The above results show that the general principle of the sub-supersolution method for p(x)-Kirchhoff type equations (1.1) is of the same type as in the case of p(x)-Laplacian type equations. An essential prerequisite for the sub-supersolution method is to find a subsolution u 0 and a supersolution v 0 such that u 0 v 0 . It is well known that the homogeneity of the p-Laplacian operator and the positivity of the first eigenvalue of p-Laplacian Dirichlet problem play an important role in finding sub- and supersolutions of the p-Laplacian equation [12]. Unlike the p-Laplacian, when p(x) is not identical with a constant, the p(x)-Laplacian operator is inhomogeneous and usually the infimum of its eigenvalues is 0. It is obvious that the eigenvalues of (1.1) are μ j =M( Ω 1 p ( x ) | φ j | p ( x ) dx) λ j , where λ j and φ j are, respectively, the eigenvalues and eigenfunctions of Δ p ( x ) in X. Thus, usually, the infimum of μ j is also 0. Therefore, it is often difficult to find a subsolution u 0 and a supersolution v 0 of (1.1) with u 0 v 0 .

At the end of this section, we give a lemma which is useful to find a supersolution of (1.1). We denote by C 0 the best embedding constant of W 0 1 , 1 (Ω) L N N 1 (Ω).

Lemma 2.1 Let ( M 0 ) hold, M>0 and let u be the unique solution of the problem

{ M ( t ) div ( | u | p ( x ) 2 u ) = M in Ω , u = 0 on Ω .
(2.4)

Set h= m 0 p 2 | Ω | 1 / N C 0 . Then, when Mh, | u | C M 1 / ( p 1 ) , and when M<h, | u | C M 1 / ( p + 1 ) , where C and C are positive constants depending on p + , p , N, |Ω|, C 0 and  m 0 .

Proof Let u be the solution of (2.4), Theorem 2.2 implies u0. For k0, set A k ={xΩ:u(x)>k}. Taking ( u k ) + as a test function in (2.4) and using the Young inequality, we have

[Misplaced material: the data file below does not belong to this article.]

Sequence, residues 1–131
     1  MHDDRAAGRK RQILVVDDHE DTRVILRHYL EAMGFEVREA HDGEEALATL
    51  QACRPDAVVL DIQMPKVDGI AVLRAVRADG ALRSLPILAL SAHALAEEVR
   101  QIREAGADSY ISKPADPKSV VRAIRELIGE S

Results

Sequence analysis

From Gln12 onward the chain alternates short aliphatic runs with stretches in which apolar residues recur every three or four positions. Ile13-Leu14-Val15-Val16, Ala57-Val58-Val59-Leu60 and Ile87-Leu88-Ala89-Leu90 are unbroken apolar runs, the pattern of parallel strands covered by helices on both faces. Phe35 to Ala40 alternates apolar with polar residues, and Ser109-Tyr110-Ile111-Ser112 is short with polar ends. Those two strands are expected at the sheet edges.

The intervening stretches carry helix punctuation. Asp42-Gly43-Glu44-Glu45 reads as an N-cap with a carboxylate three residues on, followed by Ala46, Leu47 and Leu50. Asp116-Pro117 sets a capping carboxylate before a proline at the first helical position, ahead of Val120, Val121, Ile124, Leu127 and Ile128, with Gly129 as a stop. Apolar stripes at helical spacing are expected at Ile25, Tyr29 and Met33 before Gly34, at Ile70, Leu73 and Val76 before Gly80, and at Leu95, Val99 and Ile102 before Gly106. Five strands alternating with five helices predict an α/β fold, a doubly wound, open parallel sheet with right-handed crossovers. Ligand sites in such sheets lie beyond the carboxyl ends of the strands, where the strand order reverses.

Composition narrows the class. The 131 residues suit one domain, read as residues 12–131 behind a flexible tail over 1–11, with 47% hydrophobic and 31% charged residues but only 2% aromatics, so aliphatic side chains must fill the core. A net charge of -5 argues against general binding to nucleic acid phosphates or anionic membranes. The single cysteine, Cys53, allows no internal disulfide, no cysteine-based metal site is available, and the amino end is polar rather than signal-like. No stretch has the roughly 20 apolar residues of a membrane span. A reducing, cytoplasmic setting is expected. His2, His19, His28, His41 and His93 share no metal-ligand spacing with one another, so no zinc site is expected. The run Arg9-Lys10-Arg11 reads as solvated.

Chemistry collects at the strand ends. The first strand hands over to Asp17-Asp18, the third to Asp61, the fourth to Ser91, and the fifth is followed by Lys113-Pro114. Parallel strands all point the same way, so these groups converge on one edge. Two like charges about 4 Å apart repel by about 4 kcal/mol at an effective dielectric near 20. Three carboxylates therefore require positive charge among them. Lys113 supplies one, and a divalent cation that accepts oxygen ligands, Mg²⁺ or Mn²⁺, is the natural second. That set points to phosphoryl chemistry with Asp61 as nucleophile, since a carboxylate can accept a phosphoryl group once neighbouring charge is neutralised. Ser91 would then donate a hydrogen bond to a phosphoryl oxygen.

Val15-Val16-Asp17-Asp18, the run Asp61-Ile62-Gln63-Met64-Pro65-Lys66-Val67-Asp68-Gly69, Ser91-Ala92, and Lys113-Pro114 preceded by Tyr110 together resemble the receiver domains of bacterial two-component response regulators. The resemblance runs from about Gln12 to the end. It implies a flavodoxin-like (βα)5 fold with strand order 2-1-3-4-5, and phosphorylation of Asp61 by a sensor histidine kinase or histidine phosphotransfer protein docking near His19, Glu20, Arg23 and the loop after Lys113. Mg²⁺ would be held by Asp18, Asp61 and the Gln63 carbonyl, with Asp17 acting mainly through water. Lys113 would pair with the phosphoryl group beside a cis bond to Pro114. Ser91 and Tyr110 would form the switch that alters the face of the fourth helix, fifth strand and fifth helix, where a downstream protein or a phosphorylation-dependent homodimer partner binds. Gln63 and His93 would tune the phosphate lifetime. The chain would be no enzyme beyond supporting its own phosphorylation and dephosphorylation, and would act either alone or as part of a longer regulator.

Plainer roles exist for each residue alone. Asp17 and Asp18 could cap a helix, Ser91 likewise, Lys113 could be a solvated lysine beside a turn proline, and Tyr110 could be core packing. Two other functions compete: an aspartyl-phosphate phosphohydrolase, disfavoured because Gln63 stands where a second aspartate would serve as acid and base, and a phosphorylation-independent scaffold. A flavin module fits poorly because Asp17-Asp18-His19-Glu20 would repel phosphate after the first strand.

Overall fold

A k | u | p ( x ) d x = M M ( t ) A k ( u k ) d x M | Ω | 1 / N C 0 m 0 p A k ε p ( x ) | u | p ( x ) d x + M | A k | 1 / N C 0 m 0 ( p + ) A k ε p ( x ) d x .
(2.5)

When Mh, taking

ε= ( m 0 p 2 M | Ω | 1 / N C 0 ) 1 / p = ( h M ) 1 / p ,

then ε1 and

M | Ω | 1 / N C 0 m 0 p A k ε p ( x ) | u | p ( x ) dx M | Ω | 1 / N C 0 m 0 p ε p A k | u | p ( x ) dx= 1 2 A k | u | p ( x ) dx.

Consequently, from this and (2.5), it follows that

A k | u | p ( x ) dx 2 M | A k | 1 / N C 0 m 0 ( p + ) A k ε p ( x ) dx 2 M C 0 ε ( p ) m 0 ( p + ) | A k | 1 + 1 / N .
(2.6)

From (2.5) and (2.6), we have

A k ( u k ) d x = M ( t ) M A k | u | p ( x ) d x M ( 2 M C 0 ε ( p ) p m 0 ( p + ) | Ω | 1 + 1 / N ) 2 C 0 ε ( p ) m 0 ( p + ) | A k | 1 + 1 / N .
(2.7)

By Lemma 5.1 in [[13], Chapter 2], (2.7) implies that

| u | γ(N+1) | Ω | 1 / N ,
(2.8)

where γ=M( 2 M C 0 ε ( p ) p m 0 ( p + ) | Ω | 1 + 1 / N ) 2 C 0 ε ( p ) m 0 ( p + ) . From (2.7) and (2.8), we obtain

| u | C M 1 / ( p 1 ) ,

where

C = ( N + 1 ) ( 2 C 0 ) ( p ) ( p + ) m 0 ( p ) ( p ) ( p ) / p | Ω | ( p ) / N M ( ( 2 M C 0 ) ( p ) p ( p + ) m 0 ( p ) ( p ) ( p ) / p | Ω | ( p ) / N ) .

When M<h, taking

ε= ( m 0 p 2 M | Ω | 1 / N C 0 ) 1 / p + = ( h M ) 1 / p +

(noting that in this case ε>1) and using arguments similar to those above, we can obtain

| u | C M 1 / ( p + 1 ) ,

where

C = ( N + 1 ) ( 2 C 0 ) ( p + ) ( p + ) m 0 ( p + ) ( p ) ( p + ) / p + | Ω | ( p + ) / N M ( ( 2 M C 0 ) ( p + ) p ( p + ) m 0 ( p + ) ( p ) ( p + ) / p + | Ω | ( p + ) / N ) .

The proof is complete. □

Remark 2.1 We would like to point out that the fact that a solution of (2.4) is bounded in L (Ω) is useful for finding a supersolution of (1.1). Indeed, the fact can be used to estimate the relation of nonlinearity and (for details, see the proof of Theorem 4.1).

3 A strong comparison principle for p(x)-Kirchhoff problem

The energy functional associated with the problem (1.1) is

J(u)= M ˆ ( I 0 ( u ) ) Ω F(x,u)dx,

where M ˆ (t)= 0 t M(τ)dτ and F(x,u)= 0 u f(x,t)dt. In this section, we give a special strong comparison principle for the p(x)-Kirchhoff, which is suitable for finding a positive C 1 local minimizer of the integral functional J in the C 1 topology. In [14], Fan established a Brezis-Nirenberg type theorem (Theorem 1.1 of [14]), which asserts that every local minimizer of J in the C 1 (Ω) topology is also a local minimizer of J in the W 0 1 , p ( x ) (Ω) topology. Applying this theorem, we have the following special form.

Theorem 3.1 Let ( M 0 ), (2.1) hold and let u 0 X be a local minimizer (resp. a strictly local minimizer) of J in the C 1 (Ω) topology. Then u 0 is a local minimizer (resp. a strictly local minimizer) of J in the X topology.

Applying Theorem 1.1 of [15], we can easily get the following strong maximum principle.

Theorem 3.2 Suppose that p(x) C + ( Ω ¯ ) C 1 ( Ω ¯ ), uX, u0 and u0 in Ω. If